In the first year of Philip and Mary, the Common Council of London passed an act which shows the degradation into which St. Paul's had sunk even before the fire. It forbade the carrying of beercasks, or baskets of bread, fish, flesh, or fruit, or leading mules or horses through the Cathedral, under pain of fines and imprisonment. Elizabeth also issued a proclamation to a similar effect, forbidding a fray, drawing of swords in the church, or shooting with hand-gun or dagg within the church or churchyard, under pain of two months' imprisonment. Neither were agreements to be made for the payment of money within the church. Soon after the fire, a man that had provoked a fray in the church was set in the pillory in the churchyard, and had his ears nailed to a post, and then cut off. These proclamations, however, led to no reform. Cheats, gulls, assassins, and thieves thronged the middle aisle of St. Paul's; advertisements of all kinds covered the walls, the worst class of servants came there to be hired; worthless rascals and disreputable flaunting women met there by appointment. Parasites, hunting for a dinner, hung about a monument of the Beauchamps, foolishly believed to be the tomb of the good Duke Humphrey. Shakespeare makes Falstaff hire red-nosed Bardolph in St. Paul's, and Ben Jonson lays the third act of his Every Man in his Humour in the middle aisle. Bishop Earle, in his "Microcosmography," describes the noise of the crowd of idlers in Paul's "as that of bees, a strange hum mixed of walking tongues and feet, a kind of still roar or loud whisper." He describes the crowd of young curates, copper captains, thieves, and dinnerless adventurers and gossip-mongers. Bishop Corbet, that jolly prelate, speaks of
"The walk,
Where all our British sinners swear and talk,
Old hardy ruffians, bankrupts, soothsayers,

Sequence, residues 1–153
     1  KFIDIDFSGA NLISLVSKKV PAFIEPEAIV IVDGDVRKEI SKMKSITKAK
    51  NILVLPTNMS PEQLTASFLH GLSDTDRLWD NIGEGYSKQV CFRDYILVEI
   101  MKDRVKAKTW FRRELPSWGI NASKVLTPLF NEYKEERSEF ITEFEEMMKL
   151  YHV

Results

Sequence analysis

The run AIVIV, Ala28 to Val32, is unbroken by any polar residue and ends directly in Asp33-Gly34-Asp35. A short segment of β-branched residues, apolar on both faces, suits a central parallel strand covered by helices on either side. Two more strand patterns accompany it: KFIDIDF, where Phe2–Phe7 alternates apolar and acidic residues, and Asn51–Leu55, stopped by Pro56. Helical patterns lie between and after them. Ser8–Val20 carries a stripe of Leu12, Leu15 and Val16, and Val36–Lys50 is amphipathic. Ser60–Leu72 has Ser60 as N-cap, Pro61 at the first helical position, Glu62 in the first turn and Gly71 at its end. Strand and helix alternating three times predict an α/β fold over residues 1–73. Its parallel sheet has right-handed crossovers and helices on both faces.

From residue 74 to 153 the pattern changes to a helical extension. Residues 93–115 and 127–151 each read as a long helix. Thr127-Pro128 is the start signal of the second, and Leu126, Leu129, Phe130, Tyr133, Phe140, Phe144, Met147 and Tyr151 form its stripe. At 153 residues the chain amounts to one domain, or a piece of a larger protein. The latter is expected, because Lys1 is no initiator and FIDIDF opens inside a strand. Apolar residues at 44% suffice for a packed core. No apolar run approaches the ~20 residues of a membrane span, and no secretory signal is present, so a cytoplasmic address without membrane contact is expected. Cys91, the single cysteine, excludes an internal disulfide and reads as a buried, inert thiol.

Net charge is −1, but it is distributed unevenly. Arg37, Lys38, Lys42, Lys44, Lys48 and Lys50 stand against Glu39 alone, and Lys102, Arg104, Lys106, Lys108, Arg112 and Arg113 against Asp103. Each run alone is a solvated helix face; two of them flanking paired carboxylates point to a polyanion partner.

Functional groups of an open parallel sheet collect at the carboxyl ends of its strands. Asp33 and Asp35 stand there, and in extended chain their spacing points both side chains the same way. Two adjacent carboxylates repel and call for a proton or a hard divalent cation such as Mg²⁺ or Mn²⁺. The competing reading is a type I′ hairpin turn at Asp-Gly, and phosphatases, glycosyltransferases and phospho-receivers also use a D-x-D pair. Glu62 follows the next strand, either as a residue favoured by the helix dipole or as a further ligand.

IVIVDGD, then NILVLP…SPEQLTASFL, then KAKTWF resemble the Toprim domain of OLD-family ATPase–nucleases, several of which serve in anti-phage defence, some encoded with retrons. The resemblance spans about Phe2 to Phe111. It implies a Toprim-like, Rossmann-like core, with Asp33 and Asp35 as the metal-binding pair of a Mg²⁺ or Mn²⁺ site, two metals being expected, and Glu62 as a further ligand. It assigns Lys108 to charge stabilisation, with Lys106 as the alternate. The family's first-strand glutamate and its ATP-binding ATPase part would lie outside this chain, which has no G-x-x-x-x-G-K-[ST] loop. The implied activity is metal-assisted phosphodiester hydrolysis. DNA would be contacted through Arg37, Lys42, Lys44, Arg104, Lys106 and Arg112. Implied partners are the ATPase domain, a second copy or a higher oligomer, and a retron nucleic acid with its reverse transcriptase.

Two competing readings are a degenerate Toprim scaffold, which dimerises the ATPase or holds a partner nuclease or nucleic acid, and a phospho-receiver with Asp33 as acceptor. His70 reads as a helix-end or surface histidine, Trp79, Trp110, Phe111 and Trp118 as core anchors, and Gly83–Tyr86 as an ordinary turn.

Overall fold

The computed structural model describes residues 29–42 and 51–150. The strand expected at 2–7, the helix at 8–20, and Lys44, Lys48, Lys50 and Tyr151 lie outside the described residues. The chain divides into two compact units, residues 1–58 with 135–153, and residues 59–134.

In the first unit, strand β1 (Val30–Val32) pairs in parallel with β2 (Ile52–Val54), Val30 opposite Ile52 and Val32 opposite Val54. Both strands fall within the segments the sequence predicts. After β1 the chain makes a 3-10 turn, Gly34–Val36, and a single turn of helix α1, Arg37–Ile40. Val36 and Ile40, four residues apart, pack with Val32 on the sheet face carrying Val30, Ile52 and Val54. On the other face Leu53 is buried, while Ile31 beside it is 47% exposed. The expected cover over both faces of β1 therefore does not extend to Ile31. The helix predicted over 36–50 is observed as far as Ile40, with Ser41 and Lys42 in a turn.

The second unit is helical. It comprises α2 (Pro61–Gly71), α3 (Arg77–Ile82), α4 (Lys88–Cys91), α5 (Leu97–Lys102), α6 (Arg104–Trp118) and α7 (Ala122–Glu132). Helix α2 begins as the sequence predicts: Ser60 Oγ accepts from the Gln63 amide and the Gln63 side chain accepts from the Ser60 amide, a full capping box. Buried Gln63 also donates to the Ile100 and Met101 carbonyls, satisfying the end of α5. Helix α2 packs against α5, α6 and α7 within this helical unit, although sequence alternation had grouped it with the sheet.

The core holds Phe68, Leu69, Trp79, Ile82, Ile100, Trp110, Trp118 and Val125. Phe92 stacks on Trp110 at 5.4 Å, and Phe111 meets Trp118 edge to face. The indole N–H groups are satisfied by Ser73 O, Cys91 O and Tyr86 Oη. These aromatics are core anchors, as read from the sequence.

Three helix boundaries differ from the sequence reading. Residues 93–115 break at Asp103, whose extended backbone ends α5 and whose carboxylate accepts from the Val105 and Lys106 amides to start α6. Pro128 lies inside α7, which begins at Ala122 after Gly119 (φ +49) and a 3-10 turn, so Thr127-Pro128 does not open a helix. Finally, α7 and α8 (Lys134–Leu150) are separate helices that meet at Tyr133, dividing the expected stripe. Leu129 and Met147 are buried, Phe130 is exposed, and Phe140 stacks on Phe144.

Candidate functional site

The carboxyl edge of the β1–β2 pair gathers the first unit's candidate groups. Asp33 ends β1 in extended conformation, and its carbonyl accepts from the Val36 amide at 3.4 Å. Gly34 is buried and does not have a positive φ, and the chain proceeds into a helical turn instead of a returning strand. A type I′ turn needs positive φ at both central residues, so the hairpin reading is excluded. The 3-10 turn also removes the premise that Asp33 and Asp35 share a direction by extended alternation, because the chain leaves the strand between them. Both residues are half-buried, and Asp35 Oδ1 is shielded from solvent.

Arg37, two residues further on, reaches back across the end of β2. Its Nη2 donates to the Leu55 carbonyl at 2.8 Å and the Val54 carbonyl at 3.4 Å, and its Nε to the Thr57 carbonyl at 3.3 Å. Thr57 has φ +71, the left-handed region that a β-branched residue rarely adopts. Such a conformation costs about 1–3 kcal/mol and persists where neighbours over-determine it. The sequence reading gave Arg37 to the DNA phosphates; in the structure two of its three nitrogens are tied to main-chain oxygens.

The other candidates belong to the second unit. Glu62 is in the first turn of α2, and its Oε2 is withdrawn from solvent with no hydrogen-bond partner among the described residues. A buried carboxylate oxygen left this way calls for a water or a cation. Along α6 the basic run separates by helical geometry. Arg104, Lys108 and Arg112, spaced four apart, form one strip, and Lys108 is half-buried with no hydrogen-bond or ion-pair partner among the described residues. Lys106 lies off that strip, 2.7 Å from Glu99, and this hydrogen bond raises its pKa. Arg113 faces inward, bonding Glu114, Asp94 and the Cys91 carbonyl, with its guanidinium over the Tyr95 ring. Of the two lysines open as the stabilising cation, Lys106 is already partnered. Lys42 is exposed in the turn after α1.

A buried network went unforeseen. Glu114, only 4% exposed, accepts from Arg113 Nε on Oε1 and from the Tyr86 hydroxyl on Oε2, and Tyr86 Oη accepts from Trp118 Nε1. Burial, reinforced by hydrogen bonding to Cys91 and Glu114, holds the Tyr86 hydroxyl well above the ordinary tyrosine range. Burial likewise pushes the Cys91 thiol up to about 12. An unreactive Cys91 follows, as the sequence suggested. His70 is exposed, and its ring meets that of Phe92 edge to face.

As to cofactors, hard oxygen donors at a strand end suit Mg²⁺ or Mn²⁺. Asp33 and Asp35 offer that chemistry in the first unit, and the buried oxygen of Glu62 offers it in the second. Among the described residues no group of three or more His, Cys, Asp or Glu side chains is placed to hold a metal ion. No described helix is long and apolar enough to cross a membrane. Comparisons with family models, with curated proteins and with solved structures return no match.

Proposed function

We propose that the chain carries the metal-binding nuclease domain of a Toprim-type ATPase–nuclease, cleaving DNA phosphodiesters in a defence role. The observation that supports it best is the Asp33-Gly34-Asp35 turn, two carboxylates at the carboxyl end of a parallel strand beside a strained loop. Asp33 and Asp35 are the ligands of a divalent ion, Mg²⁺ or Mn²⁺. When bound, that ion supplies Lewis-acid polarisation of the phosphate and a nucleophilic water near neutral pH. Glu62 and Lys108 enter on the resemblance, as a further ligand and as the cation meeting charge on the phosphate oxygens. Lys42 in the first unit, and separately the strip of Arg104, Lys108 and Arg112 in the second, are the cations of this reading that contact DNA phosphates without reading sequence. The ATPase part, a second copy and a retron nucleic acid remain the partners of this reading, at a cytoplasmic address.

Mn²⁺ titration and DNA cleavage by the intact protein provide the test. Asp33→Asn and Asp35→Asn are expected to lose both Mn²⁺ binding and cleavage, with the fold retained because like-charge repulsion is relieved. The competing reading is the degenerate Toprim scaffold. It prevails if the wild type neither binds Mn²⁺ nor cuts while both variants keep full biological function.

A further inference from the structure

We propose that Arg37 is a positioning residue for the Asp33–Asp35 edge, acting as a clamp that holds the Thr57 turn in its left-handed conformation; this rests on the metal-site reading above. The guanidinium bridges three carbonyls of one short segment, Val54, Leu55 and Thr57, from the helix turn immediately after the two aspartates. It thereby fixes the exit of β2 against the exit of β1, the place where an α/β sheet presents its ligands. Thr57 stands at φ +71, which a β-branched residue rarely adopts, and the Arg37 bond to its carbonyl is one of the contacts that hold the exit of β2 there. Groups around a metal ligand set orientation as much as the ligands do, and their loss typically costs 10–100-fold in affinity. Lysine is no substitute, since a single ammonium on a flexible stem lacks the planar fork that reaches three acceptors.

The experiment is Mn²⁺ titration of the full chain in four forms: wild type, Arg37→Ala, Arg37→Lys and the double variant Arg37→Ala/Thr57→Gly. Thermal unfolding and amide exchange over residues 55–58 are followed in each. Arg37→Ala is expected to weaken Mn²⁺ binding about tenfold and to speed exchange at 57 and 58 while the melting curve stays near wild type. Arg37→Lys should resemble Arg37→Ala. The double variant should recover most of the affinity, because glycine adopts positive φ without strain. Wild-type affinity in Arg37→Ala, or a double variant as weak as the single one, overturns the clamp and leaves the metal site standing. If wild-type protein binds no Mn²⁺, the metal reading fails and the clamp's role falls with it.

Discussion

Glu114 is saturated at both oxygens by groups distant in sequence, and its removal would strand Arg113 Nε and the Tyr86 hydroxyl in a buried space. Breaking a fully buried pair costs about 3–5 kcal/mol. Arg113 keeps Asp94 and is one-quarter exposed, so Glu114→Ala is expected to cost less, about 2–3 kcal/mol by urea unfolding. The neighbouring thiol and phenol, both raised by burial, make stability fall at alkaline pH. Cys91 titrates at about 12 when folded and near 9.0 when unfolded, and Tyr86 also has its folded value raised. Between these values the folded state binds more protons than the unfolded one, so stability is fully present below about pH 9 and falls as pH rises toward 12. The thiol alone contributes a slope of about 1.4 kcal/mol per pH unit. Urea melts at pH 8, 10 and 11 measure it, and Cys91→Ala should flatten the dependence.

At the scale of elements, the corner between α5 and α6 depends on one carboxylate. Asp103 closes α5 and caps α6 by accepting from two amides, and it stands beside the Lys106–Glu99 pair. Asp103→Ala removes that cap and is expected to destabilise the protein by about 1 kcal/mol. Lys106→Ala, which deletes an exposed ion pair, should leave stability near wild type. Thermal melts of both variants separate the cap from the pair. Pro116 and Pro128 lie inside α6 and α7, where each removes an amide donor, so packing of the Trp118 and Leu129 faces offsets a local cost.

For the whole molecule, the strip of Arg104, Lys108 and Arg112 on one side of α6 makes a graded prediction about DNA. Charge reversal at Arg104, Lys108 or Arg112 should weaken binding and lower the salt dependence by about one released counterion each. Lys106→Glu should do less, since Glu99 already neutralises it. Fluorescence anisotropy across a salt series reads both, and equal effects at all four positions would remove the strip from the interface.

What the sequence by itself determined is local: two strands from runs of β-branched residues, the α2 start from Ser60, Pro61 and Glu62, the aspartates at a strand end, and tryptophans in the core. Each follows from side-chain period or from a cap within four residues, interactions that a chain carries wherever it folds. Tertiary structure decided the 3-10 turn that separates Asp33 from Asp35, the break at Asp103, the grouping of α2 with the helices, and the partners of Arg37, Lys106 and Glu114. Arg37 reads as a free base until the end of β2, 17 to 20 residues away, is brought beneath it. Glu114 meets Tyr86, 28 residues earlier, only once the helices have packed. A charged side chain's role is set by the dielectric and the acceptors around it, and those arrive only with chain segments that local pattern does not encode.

And youths whose cousenage is old as theirs."

On the eve of the election of Sandys as Bishop of London, May, 1570, all London was roused by a papal bull against Elizabeth being found nailed on the gates of the bishop's palace. It declared her crown forfeited and her people absolved from their oaths of allegiance. The fanatic maniac, Felton, was soon discovered, and hung on a gallows at the bishop's gates.

One or two anecdotes of interest specially connect Elizabeth with St. Paul's. On one occasion Dean Nowell placed in the queen's closet (pew) a splendid prayer-book, full of German scriptural engravings, richly illuminated. The zealous queen was furious; the book seemed to her of Catholic tendencies.

"Who placed this book on my cushion? You know I have an aversion to idolatry. The cuts resemble angels and saints—nay, even grosser absurdities."

The frightened dean pleaded innocence of all evil intentions. The queen prayed God to grant him more wisdom for the future, and asked him where they came from. When told Germany, she replied, "It is well it was a stranger. Had it been one of my subjects, we should have questioned the matter."

Once again Dean Nowell vexed the queen—this time from being too Puritan. On Ash Wednesday, 1572, the dean preaching before her, he denounced certain popish superstitions in a book recently dedicated to her majesty. He specially denounced the use of the sign of the cross. Suddenly a harsh voice was heard in the royal closet. It was Elizabeth's. She chidingly bade Mr. Dean return from his ungodly digression and revert to his text. The next day the frightened dean wrote a most abject apology to the high-spirited queen.

The victory over the Armada was, of course, not forgotten at St. Paul's. When the thanksgiving sermon was preached at Paul's Cross, eleven Spanish ensigns waved over the cathedral battlements, and one idolatrous streamer with an image of the Virgin fluttered over the preacher. That was in September; the Queen herself came in November, drawn by four white horses, and with the privy council and all the nobility. Elizabeth heard a sermon, and dined at the bishop's palace.

The "children of Paul's," whom Shakespeare, in Hamlet, mentions with the jealousy of a rival manager, were, as Dean Milman has proved, the chorister-boys of St. Paul's. They acted, it is supposed, in their singing-school. The play began at four p.m., after prayers, and the price of admission was 4d. They are known at a later period to have acted some of Lily's Euphuistic plays, and one of Middleton's.

In this reign lotteries for Government purposes were held at the west door of St. Paul's, where a wooden shed was erected for drawing the prizes, which were first plate and then suits of armour. In the first lottery (1569) there were 40,000 lots at 10s. a lot, and the profits were applied to repairing the harbours of England.